His “conservative guess” is that “there are thousands and thousands of Singaporeans — children or grandchildren of these men — around today who are connected to the story”.
While leads on the men from Liverpool were few and far between, the team stumbled on another “genealogical treasure trove”: newspaper articles from the 1940s on Chinese and Malay seamen being deported from Australia.
In a public display of disdain for unwanted non-whites, the Australian government created the White Australia Policy when the individual colonies formed a federation in 1901. This policy limited the number of non-white immigrants to Australia.
As a result, at the end of World War II, people of Asian descent who had arrived during the conflict were sent back to Asia.
Like in Liverpool, many of the men had served Australia in wartime, found love with local women and built families.
WATCH: The untold generational trauma from the ‘White Australia Policy’ (46:45)
While there is only a smattering of published personal accounts of these men and their families in Australia, the names of the Chinese and Malay seamen who were booted out were publicly listed.
St John Gray’s team looked through voter and grave registries, marriage, birth and death certificates, even genealogy websites to track down these families.
Viewers will meet Christine Frater, 58, an Australian granddaughter of the late Phyllis Osman. Back in the day, Phyllis left her three sons behind to be with her new Malay husband, Ahmad Osman, in a kampung in Singapore.
Then there are siblings Samson Zee, 53, and Lela Zainal, 51, and their cousin Rohaizat Jan, 55, who spent much of their life in Singapore “unsure of who (they) were”.
After their grandparents were deported from Australia, the family lost contact with their relatives. Only after 75 years and a documentary was there a reunion, and answers finally surfaced.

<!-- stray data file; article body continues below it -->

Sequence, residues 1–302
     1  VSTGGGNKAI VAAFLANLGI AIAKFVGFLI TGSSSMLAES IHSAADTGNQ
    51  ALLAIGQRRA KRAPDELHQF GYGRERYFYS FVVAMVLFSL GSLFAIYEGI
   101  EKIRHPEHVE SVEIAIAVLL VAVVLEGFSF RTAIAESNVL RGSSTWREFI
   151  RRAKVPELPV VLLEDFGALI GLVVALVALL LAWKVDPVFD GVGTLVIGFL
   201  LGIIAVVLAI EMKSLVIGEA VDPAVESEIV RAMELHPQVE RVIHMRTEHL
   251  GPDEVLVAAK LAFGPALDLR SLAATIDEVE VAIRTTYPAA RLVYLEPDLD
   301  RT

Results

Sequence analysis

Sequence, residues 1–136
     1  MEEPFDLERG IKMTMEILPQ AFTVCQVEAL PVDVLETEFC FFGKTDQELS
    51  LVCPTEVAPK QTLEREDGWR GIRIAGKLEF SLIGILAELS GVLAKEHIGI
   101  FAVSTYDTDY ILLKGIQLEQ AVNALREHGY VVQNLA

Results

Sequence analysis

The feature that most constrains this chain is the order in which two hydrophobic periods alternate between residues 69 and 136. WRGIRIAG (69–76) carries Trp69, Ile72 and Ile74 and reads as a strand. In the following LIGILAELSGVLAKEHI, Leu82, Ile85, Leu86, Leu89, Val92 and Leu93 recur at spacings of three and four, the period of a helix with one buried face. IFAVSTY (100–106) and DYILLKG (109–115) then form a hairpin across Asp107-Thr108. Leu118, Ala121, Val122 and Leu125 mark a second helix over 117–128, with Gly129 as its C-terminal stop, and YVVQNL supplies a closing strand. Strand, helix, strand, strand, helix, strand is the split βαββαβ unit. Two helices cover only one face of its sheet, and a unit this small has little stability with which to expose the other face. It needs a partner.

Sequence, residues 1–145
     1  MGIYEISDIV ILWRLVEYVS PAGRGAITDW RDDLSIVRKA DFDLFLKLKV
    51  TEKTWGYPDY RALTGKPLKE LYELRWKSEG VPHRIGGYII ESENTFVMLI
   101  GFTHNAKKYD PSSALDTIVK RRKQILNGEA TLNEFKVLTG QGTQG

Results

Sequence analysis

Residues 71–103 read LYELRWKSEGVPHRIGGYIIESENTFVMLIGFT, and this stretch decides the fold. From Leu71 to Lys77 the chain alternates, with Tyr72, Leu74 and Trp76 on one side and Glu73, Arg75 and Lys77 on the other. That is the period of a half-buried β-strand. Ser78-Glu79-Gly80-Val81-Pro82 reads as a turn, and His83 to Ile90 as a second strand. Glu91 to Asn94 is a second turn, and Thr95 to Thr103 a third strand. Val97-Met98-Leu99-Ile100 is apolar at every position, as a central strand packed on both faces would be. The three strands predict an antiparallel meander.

"NEEDS TO BE TOLD"
While these events date back eight decades, they are still unfolding for the families involved, said St John Gray.
“It shook me to the core to think there was a group of people who’d grown up without ever knowing who their fathers were, why they left, what happened,” he said.
Some of these people are now in their late 70s. … They’re reaching a stage where it’s the last chance to find out exactly what happened.”
The documentary shares a “very pivotal piece of history” that all the profiles feel “needs to be told”.
“If people look at these stories and say, ‘Ah, they deserve to stay in the past, let’s not dig it up’, this documentary is a call to action to say that’s not the case,” he said.
“These terrible things that happened travel through generations, and they linger. There’s an injustice that needs to be acknowledged, to be understood by more people.”
Even if you are not a history buff, St John Gray said, these are compelling stories with “universal themes of love and loss, family and belonging”.
What gave rise to the series title was the fact that these men “had been made to feel exiled”. He added: “They were just taken away as if their lives in the past didn’t matter.”
And as Foo would say, “that’s a bloody disgrace”.
Watch the first episode of The Exiles here and the second episode here.